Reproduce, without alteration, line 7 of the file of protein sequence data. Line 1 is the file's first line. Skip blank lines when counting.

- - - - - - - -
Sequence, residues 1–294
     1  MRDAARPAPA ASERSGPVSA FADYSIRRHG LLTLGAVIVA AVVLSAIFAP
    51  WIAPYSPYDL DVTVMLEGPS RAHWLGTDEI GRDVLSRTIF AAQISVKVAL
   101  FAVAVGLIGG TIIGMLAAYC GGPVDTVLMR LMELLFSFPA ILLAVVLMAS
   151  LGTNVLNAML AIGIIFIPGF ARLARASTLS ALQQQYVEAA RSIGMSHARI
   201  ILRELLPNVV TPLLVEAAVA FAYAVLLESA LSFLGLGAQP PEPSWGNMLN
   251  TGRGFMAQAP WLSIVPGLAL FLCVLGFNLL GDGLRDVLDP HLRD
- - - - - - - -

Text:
   251  TGRGFMAQAP WLSIVPGLAL FLCVLGFNLL GDGLRDVLDP HLRD